In Utah, the holiday was known as “Human Rights Day” until 2000,[ when the Utah State Legislature voted to change the name of the holiday from Human Rights Day to Martin Luther King, Jr. Day. In that same year Governor Michael O. Leavitt signed the bill officially naming the holiday “Martin Luther King, Jr. Day.
In Virginia, it was known as Lee-Jackson-King Day, combining King’s birthday with the established Lee-Jackson Day. The incongruous nature of the holiday, which simultaneously celebrated the lives of Confederate Army generals and a civil rights icon, did not escape the notice of Virginia lawmakers. In 2000, Lee-Jackson Day was moved to the Friday before Martin Luther King, Jr. Day, establishing Martin Luther King, Jr. Day as a holiday in its own right.
Mississippi still shares this celebration of Martin Luther King, Jr.’s birthday on the third Monday of January and Robert E. Lee’s birthday January 19.
In Arizona, Martin Luther King, Jr. Day is known as “Martin Luther King, Jr./Civil Rights Day”; while in New Hampshire, its official name is “Martin Luther King, Jr. Civil Rights Day”
So we have a past, and people that feel slighted, and many of the names I mentioned are still around and not loved by people that love Dr. King.
But what is freedom if not the choice , the absence of necessity, coercion, or constraint in choice or action? Is it not liberation from slavery or restraint or from the power of another ? Don’t we have the independence to honor what we want?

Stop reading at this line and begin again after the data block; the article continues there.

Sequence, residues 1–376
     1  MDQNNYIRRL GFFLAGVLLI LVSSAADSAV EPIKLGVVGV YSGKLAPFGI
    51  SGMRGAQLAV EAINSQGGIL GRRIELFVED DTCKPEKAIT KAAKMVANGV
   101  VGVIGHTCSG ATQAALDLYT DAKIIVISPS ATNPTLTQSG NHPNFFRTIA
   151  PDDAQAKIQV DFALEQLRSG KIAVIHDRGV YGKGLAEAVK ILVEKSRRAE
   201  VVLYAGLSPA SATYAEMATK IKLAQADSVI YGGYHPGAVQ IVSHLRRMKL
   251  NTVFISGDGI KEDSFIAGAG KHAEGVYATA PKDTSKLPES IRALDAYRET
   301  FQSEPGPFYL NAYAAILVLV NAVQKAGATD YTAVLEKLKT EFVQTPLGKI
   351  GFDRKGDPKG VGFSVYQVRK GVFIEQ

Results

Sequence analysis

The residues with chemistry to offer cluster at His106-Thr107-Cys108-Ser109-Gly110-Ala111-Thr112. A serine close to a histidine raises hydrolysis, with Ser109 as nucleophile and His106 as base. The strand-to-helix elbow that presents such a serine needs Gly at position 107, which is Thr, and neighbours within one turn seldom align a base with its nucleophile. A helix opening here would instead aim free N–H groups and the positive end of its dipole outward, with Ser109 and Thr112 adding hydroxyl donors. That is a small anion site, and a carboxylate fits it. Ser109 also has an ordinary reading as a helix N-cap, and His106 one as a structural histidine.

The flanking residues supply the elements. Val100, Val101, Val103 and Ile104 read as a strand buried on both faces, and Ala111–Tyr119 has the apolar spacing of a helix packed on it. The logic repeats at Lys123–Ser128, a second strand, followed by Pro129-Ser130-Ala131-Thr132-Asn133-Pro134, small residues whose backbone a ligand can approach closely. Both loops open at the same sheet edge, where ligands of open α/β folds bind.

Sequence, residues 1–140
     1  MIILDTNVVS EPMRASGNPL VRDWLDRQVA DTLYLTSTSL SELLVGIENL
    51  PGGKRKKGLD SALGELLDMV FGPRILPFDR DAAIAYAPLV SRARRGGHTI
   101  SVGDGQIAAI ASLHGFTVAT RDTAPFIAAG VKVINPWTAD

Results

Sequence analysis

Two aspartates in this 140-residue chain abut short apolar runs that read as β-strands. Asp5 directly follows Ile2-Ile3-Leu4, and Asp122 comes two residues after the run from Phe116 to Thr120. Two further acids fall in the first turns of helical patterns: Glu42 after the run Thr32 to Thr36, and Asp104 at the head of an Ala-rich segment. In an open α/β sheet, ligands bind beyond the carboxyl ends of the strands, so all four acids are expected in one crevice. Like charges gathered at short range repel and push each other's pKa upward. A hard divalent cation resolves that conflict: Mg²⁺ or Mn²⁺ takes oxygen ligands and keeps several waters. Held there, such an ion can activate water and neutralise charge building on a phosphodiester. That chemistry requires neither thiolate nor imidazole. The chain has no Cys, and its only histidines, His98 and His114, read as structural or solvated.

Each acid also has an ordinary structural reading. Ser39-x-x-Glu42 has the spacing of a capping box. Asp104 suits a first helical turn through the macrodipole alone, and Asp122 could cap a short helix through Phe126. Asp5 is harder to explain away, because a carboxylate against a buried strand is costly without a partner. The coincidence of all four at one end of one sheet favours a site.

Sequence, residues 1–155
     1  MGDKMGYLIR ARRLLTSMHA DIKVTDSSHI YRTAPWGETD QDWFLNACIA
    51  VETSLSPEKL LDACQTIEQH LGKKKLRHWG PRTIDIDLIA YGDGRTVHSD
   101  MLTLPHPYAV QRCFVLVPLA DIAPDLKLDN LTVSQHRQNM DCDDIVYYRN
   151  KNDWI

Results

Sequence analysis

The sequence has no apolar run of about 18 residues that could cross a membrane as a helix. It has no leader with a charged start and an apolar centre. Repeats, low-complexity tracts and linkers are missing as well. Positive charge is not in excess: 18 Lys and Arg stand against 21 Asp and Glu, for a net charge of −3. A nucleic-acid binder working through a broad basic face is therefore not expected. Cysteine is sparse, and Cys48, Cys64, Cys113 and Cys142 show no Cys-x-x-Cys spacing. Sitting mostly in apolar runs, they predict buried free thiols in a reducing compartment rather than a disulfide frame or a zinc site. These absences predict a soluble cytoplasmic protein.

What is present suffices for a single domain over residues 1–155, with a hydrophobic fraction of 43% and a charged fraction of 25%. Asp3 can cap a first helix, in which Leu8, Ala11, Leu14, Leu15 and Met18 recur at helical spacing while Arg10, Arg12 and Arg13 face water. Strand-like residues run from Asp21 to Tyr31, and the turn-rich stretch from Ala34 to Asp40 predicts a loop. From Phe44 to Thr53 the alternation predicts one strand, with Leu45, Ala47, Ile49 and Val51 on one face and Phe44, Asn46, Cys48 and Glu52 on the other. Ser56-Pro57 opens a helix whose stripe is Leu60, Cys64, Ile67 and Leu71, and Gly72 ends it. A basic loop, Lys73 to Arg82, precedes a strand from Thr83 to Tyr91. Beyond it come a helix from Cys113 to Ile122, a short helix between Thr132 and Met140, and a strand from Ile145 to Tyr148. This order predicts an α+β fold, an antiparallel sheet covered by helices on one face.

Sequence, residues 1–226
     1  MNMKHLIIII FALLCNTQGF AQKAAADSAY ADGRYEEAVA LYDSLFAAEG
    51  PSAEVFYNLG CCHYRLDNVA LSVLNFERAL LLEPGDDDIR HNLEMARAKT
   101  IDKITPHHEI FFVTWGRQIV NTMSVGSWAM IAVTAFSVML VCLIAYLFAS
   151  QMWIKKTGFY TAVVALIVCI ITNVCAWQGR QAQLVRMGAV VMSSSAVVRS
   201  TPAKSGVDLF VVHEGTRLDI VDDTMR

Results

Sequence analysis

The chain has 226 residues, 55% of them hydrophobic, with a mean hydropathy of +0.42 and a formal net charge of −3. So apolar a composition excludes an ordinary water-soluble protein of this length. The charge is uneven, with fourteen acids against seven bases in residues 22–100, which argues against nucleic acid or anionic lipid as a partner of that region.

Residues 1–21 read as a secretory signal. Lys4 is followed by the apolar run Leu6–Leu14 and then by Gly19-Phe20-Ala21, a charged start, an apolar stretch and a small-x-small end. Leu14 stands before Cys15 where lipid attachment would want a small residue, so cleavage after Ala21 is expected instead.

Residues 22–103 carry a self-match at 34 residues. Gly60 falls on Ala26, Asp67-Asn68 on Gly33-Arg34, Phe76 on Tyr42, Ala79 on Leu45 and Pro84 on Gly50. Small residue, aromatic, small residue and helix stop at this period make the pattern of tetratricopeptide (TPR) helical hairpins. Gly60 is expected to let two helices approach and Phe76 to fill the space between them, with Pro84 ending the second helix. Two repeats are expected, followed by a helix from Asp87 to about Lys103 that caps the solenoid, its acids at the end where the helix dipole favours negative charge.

Well we do. Gun Appreciation Day is easy to tweet and remember but its not about guns its about freedom. I don’t appreciate a mechanical device, I appreciate the country that allows me to exercise the freedom to have it. The country that understands that freedom isn’t free. It is not a gift from the Government. It is not for some and not for others.
This day, whatever you call it, guns across America, gun appreciation day, gun lobby day, is the acknowledgment that it is 100% American to be a gun owner. And we acknowledge our responsibility to our well-being, and those around us. We acknowledge that laws are not followed by criminals, and valiantly stand opposed to restrictions on the tools we legally use for defense.
Aesop may have used it first and it is also written in the Christian’s Holy Bible, in the New Testament,
“A house divided against itself cannot stand” but I believe in it.” Mark 3:25,
“Let us trust God, and our better judgment to set us right hereafter. United we stand, divided we fall. Let us not split into factions which must destroy that union upon which our existence hangs.” Patrick Henry
“What they do well is they really get people out,” said Illinois state Rep. Elaine Nekritz (D), who heads the House committee that was to consider the assault-weapons ban until gun owners, spurred by the local NRA affiliate, overwhelmed legislators with calls and e-mails. “That’s democracy. I can’t fault them for it. I have to applaud them for it.”
Nekritz, who supports the proposed ban, said her office received hundreds of phone messages and about 1,000 e-mails in the two days before she pulled the bill. “I didn’t see anything that was supportive,” she said.
This is a good site. You can select the specific bills before congress and send letters automatically to your elected representatives.
Thank you for listening and sharing this show. I am just trying to help in my small way.